A breakthrough hit from Just As I Am (produced by Hall of Fame Inductee Booker T. Jones), “Ain’t No Sunshine” set the framework for the Bill Withers sound with its sparse arrangement, direct, no-frills lyric and in the pocket groove. It was also a bona fide hit, reaching Number Three on the Billboard 100 in 1971.
“I was one of those kids who was smaller than all the girls. I stuttered. I had asthma. So I had some issues," recalled Bill Withers. "My grandmother was that one person who would always say that I was going to be OK. … When you're a weaker kid, whoever champions you becomes very important to you." This song is a tribute to those healing hands.
“Who Is He (and What is He to You?)”
Just the right undertone ...
As both a member of The Velvet Underground and a solo artist, 2015 Rock and Roll Hall of Fame Inductee Lou Reed transformed music forever with his uncompromised and daring artistic vision that has influenced artists for decades, from David Bowie to U2 to Arcade Fire. Here are my picks for Lou Reed essential tracks.
“Walk on the Wild Side”
Off 1972's Transformer (produced by David Bowie and Mick Ronson), “Walk on the Wild Side” was Reed’s first hit after the Velvet Underground broke up and remains his most well know tune till this day. The lyrics of the song told the story of people Reed knew from the Andy Warhol/Factory days, while the iconic bass line has been sampled numerous times in everything from hip-hop to electronica.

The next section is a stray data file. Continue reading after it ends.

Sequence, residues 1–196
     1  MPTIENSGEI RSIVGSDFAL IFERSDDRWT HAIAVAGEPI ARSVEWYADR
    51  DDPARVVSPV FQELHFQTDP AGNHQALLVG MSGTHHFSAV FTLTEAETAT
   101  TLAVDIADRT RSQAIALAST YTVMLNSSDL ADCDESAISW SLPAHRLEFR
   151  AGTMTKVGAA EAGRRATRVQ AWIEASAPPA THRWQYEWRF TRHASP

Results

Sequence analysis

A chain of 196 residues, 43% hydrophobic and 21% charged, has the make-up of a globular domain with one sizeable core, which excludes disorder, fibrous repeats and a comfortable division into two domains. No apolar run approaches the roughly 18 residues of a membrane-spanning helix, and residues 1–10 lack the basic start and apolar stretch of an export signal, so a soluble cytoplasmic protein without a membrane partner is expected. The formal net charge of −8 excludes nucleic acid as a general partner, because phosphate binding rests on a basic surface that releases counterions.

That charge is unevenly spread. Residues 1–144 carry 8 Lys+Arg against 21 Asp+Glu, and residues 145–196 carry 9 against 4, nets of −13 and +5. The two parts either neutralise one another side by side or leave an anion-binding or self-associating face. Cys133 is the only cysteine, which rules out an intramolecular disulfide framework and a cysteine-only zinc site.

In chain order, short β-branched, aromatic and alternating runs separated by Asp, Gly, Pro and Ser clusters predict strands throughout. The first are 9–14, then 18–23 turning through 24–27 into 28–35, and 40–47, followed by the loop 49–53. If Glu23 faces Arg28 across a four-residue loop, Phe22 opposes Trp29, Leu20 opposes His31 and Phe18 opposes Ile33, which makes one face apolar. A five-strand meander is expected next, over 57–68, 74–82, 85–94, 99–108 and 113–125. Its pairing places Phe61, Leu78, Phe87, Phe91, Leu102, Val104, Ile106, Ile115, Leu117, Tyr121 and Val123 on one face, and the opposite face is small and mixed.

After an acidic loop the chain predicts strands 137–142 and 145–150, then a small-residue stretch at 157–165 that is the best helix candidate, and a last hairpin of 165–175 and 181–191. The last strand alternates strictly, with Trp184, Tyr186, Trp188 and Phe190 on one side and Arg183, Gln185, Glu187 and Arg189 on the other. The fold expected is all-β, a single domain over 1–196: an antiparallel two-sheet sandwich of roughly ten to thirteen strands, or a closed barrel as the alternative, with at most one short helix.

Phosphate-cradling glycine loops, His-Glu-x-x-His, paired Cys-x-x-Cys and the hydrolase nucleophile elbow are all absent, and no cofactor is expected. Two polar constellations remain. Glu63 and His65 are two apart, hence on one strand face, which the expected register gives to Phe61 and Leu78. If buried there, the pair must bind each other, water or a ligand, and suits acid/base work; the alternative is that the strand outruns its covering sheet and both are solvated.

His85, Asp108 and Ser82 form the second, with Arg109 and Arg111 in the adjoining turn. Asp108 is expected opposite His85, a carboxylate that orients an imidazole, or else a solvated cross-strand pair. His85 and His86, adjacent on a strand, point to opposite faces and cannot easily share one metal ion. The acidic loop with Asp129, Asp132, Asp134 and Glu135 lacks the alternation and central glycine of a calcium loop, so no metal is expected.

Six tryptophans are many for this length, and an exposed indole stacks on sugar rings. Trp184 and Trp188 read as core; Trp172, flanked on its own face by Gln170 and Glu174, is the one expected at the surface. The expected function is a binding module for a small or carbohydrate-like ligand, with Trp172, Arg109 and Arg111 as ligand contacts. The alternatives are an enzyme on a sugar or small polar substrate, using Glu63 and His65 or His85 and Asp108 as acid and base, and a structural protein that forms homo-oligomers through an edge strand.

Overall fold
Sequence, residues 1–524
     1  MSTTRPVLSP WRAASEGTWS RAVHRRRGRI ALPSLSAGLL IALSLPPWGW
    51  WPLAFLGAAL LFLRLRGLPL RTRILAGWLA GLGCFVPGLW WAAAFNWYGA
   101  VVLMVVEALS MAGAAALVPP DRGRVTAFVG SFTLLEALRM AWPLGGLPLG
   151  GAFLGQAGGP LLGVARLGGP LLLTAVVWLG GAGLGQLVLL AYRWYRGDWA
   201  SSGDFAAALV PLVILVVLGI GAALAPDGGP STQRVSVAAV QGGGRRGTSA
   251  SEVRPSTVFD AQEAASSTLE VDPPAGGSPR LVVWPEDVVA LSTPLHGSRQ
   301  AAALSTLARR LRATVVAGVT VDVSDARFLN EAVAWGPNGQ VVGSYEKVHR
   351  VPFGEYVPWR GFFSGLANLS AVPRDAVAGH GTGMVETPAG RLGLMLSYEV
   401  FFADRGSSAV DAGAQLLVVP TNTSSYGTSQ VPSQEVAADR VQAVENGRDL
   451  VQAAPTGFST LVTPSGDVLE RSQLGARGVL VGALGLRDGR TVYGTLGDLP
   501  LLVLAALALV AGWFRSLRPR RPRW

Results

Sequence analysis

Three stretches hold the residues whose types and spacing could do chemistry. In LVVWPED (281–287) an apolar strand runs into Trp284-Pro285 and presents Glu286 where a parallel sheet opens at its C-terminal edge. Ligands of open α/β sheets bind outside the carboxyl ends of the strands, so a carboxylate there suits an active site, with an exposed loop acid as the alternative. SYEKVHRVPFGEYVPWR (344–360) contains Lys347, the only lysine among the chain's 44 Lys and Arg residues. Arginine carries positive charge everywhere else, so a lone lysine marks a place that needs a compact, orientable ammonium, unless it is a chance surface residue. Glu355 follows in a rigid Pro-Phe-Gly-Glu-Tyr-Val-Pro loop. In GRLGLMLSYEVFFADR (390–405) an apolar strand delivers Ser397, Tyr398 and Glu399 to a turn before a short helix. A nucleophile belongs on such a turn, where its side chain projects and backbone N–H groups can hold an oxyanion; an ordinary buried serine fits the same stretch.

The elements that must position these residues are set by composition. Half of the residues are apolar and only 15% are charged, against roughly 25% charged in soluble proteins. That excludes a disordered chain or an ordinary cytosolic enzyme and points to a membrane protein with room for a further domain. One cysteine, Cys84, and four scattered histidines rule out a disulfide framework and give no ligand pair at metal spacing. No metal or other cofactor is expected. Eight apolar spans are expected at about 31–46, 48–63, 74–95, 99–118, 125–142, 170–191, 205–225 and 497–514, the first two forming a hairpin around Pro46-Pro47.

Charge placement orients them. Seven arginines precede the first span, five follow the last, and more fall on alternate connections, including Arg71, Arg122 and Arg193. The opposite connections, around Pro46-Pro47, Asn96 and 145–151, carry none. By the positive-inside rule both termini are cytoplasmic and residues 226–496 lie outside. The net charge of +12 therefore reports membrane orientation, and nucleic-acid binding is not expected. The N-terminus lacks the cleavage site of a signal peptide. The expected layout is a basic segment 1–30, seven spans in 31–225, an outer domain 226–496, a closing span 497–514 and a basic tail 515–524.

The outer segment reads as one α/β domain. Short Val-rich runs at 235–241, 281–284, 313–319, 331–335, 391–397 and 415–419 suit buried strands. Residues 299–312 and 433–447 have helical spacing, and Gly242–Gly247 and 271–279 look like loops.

“Satellite of Love”
This song was originally demoed by the Velvet Underground in 1970 as a possible track for the Loaded album but was eventually rejected. The lyrics are sung from the point of view of a man who is watching a space launch on TV and simultaneously reflecting on his unfaithful girlfriend. The end of the song features a fantastic vocal arrangement performed by Reed and David Bowie ...
2015 Rock and Roll Hall of Fame Inductee Joan Jett and the Blackhearts created a potent mix of hard rock, glam, punk, metal and garage rock that sounds fresh and relevant in any era. The group's biggest hit, “I Love Rock ‘N’ Roll” (Number One in 1982) is a rock classic – a pure and simple a statement about the music’s power. The honesty and power of their records make you believe that rock and roll can change the world. Here are my picks for essential songs that do just that.
“Do You Wanna Touch Me (Oh Yeah)”
This song is a cover of glam rocker Gary Glitter’s 1973 hit, delivered with the authoritative punch as only Joan Jett and the Blackhearts can.
“I Love Rock ‘N Roll”
Joan Jett's version of this Arrows song was ranked Number 89 in the "100 Greatest Guitar Songs" by Rolling Stone magazine, and was Joan Jett and the Blackhearts first Number One.
“Crimson and Clover”
This reworking of the Tommy James and the Shondells classic reached Number Seven, wonderfully capturing the Jett and company's ability to do tender and tough will equal aplomb.
“I Love You Love Me Love ...